China’s Lost Drones are Infiltrating America
Drones are a very popular “new toy” for many in the United States. They are used by both hobbyists as well as professionals across a myriad of industries to accomplish many tasks from aerial and building photography to pipeline inspections, facilities surveillance and security.
They are already being weaponized and have been used by terrorist groups in Syria and Iraq since 2016. It was documented back in 2016 that 32 different types of drones manufactured in six different countries were being used on Middle East battlefields.
Today, that number is growing and the battlefields are not limited to the Middle East. Why? Ease of re-purposing these products and weaponizing them is becoming a force multiplier for small forces and terrorist groups around the world in asymmetrical warfare. Although the drones are not sold in the Middle East, they are being sold to various factions that sell to that region, as well as others, through third parties.
The recent August 2018 attack in Venezuela where there was an attempt on the life of President Maduro, shows the increased use of drones as a new weapon to take down political rivals. Attacks on individuals are on the rise. Drones are an affordable weapon and ones that is not easily defeated.
Can a civilian drone be used as a weapon?
When it comes to Americans using their drones for aerial cameras or other hobbies, one out-of-ten “get lost” on their initial flight.
So if we have 500,000 drones that have been sold in the United States, ten percent of them (50,000) could already be employed this way and all the owners think they just simply “lost them into the wind” and cannot find them. Could they have been intercepted? A scary thought.
The actual “lost drone” numbers are more staggering than that.
In a Fortune article back in January 2017, FAA Chief Administrator, Michael Huerta, said that the FAA projects that nearly 7 million drones may be sold in the United States by 2020, or “about two-and-a-half times the population of the state of Nevada.” Take ten percent of that projected 7,000,000 and you have a very formidable amount of “flying reconnaissance vehicles” (700,000). Their original owners have written them off as “lost,” but what if they are not?
Recruiting the secret army of drones
By far, the largest Chinese supplier of civilian drones is DJI (Dà-Jiāng Innovations) which owns 85% of the global civilian drone market. DJI is a Chinese technology company with its headquarters in Shenzhen, Guangdong. It manufactures good, quality unmanned aerial vehicles (UAVs), also known as drones. DJI drones are great for aerial photography and videography. DJI also builds flight controllers, gimbals, camera stabilizers, and other key drone components.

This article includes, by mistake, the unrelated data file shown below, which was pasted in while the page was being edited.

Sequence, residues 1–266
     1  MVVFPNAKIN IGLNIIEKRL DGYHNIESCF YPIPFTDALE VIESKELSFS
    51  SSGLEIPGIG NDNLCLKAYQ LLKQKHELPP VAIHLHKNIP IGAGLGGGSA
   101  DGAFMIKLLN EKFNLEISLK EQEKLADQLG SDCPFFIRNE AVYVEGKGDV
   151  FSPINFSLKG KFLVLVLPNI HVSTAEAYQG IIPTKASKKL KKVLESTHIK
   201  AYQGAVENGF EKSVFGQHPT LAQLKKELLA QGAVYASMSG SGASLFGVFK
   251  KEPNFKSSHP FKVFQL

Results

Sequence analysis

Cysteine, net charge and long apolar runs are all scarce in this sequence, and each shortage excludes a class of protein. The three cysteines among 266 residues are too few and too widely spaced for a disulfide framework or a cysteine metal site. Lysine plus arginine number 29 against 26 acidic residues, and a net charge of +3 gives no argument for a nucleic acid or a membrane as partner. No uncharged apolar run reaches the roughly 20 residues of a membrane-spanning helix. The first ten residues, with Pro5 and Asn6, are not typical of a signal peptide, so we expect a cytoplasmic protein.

Coincidentally back in May of 2017, DJI put out a warning to all of its customers: “Failure to register with DJI means the drone will have a height limit of 98 feet (30 meters), a radius of 164 feet (50 meters), and the live video feed will be disabled. This new step, to take effect at the end of next week, ensures you will use the correct set of geospatial information and flight functions for your aircraft, as determined by your geographical location and user profile. The change applies internationally.”
The Chinese government has access to DJI (which they do and they even help fund it and its R&D). There is a risk that the Chinese government could take over all DJI drones in one country and do a “super sweep” of surveillance using the cameras and information-gathering capabilities on each drone. In effect, they would have a remote army of data-gathering drones at their command.
There is already a precedent set that DJI must hand over information to the Chinese government when they request it.
In a New York Times article, they discuss the interest that the Chinese government has on collecting information and controlling encryption on the drone products. They are also concerned about American information gathering and probably want the same type of capability as a countermeasure. In a later New York Times article, the author puts forth the idea that critical information could be flowing from the United States to China.
If the drones are here already, it is like thousands of mechanical refugees flying around (in flocks or swarms) who now have full reporting capabilities back to local servers and then to China.
Sounds too farfetched like a Tom Clancy novel? It is not beyond the scope and limitations of the technology.
In reviewing the notice on September 1, 2017, there was another “upgrade or lose all flying capabilities” warning from DJI.
You had to download the firmware or your drone would be rendered useless. This is a great way to insure whatever “spy software” is necessary to turn the drone into a “foreign agent” is innocently installed on the civilian drone without any thought of installing something “extra.”